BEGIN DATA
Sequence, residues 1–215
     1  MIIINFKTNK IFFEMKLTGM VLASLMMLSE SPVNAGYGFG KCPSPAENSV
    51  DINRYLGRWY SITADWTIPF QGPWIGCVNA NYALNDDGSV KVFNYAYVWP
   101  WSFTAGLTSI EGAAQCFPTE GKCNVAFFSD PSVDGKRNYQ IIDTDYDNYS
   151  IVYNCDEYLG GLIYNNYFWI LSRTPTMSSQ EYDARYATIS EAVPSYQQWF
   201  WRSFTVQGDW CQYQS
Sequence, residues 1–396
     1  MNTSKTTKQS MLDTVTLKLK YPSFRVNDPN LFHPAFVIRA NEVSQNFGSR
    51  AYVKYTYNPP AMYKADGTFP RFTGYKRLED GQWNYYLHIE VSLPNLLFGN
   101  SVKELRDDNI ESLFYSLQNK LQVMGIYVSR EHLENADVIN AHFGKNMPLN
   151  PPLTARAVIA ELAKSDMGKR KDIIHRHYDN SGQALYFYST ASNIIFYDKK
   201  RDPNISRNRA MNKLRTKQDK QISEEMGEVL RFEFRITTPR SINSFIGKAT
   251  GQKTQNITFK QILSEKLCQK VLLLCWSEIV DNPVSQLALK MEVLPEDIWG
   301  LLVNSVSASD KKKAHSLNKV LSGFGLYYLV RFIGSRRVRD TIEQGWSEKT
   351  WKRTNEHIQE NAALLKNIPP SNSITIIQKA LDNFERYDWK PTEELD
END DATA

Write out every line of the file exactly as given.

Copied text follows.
Sequence, residues 1–215
     1  MIIINFKTNK IFFEMKLTGM VLASLMMLSE SPVNAGYGFG KCPSPAENSV
    51  DINRYLGRWY SITADWTIPF QGPWIGCVNA NYALNDDGSV KVFNYAYVWP
   101  WSFTAGLTSI EGAAQCFPTE GKCNVAFFSD PSVDGKRNYQ IIDTDYDNYS
   151  IVYNCDEYLG GLIYNNYFWI LSRTPTMSSQ EYDARYATIS EAVPSYQQWF
   201  WRSFTVQGDW CQYQS
Sequence, residues 1–396
     1  MNTSKTTKQS MLDTVTLKLK YPSFRVNDPN LFHPAFVIRA NEVSQNFGSR
    51  AYVKYTYNPP AMYKADGTFP RFTGYKRLED GQWNYYLHIE VSLPNLLFGN
   101  SVKELRDDNI ESLFYSLQNK LQVMGIYVSR EHLENADVIN AHFGKNMPLN
   151  PPLTARAVIA ELAKSDMGKR KDIIHRHYDN SGQALYFYST ASNIIFYDKK
   201  RDPNISRNRA MNKLRTKQDK QISEEMGEVL RFEFRITTPR SINSFIGKAT
   251  GQKTQNITFK QILSEKLCQK VLLLCWSEIV DNPVSQLALK MEVLPEDIWG
   301  LLVNSVSASD KKKAHSLNKV LSGFGLYYLV RFIGSRRVRD TIEQGWSEKT
   351  WKRTNEHIQE NAALLKNIPP SNSITIIQKA LDNFERYDWK PTEELD